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Prime minister calls for fair access to public media for presidential candidates

(RSF/IFEX) - 5 October 2010 - Reporters Without Borders welcomes the determination expressed by the Ivorian authorities to ensure that all candidates in this month's presidential election have fair access to the public media during the campaign. Prime Minister Guillaume Soro stressed this point at a meeting with state media executives and media regulatory officials four days ago.

"The success of this presidential election, due to be held on 31 October after several years of delays, will require fair and equitable media coverage of the campaign," Reporters Without Borders said. "We therefore urge state-owned Radio-Télévision Ivoirienne (RTI) to act democratically and comply with the electoral law's rules on candidate access to air-time. We also urge all the print media not to stir up tension when the campaign officially gets under way."

At the European Union's request, Reporters Without Borders will monitor the media's coverage of the campaign, both quantitatively (air-time allocation) and qualitatively (how each candidate is covered). The monitoring will begin at the start of the official campaign.

Election coverage was the subject of the meeting which Prime Minister Soro, communication minister Ibrahim Sy Savané and Ivorian crisis facilitator representative Boureima Badini held on 1 October with RTI director-general Brou Amessan, Fraternité Matin editor Jean-Baptiste Akrou and the representatives of the National Broadcasting Council (CNCA) and the National Press Council (CNP).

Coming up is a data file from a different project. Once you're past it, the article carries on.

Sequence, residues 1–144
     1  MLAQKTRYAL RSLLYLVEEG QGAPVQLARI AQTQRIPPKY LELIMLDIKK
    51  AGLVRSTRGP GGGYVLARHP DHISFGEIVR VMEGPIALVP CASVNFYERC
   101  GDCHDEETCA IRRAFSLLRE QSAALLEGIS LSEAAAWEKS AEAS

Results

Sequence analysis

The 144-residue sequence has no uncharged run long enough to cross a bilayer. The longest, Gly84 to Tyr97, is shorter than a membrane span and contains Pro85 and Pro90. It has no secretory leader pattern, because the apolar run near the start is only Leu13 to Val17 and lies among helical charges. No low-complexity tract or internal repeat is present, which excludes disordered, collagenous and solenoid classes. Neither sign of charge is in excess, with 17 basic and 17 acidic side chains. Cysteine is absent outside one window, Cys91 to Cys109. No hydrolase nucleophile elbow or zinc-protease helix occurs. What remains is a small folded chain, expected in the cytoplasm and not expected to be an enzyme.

Prime Minister Soro called on the media representatives to ensure strict compliance with article 30 of the election law, which states that candidates must have fair and impartial access to the state-owned media.

The prime minister also ordered the closure of all the "pirate" radio and TV stations broadcasting in areas controlled by Côte d'Ivoire's former rebels.

The CNCA issued an order in December 2009 (Decision No. 2009-07) requiring "unauthorised TV broadcasts in the centre, north and west to cease immediately" and ordering radio stations in these regions to "regularise their legal situation within 30 days." The former rebels had immediately let it be known that they opposed the CNCA's order and that their radio and TV stations would continue to broadcast.

Four days have gone by since the prime minister issued his order but the "pirate" media in the north – estimated to consist of about 30 radio stations and six TV stations – continue to operate, thereby preventing RTI from covering the entire country.

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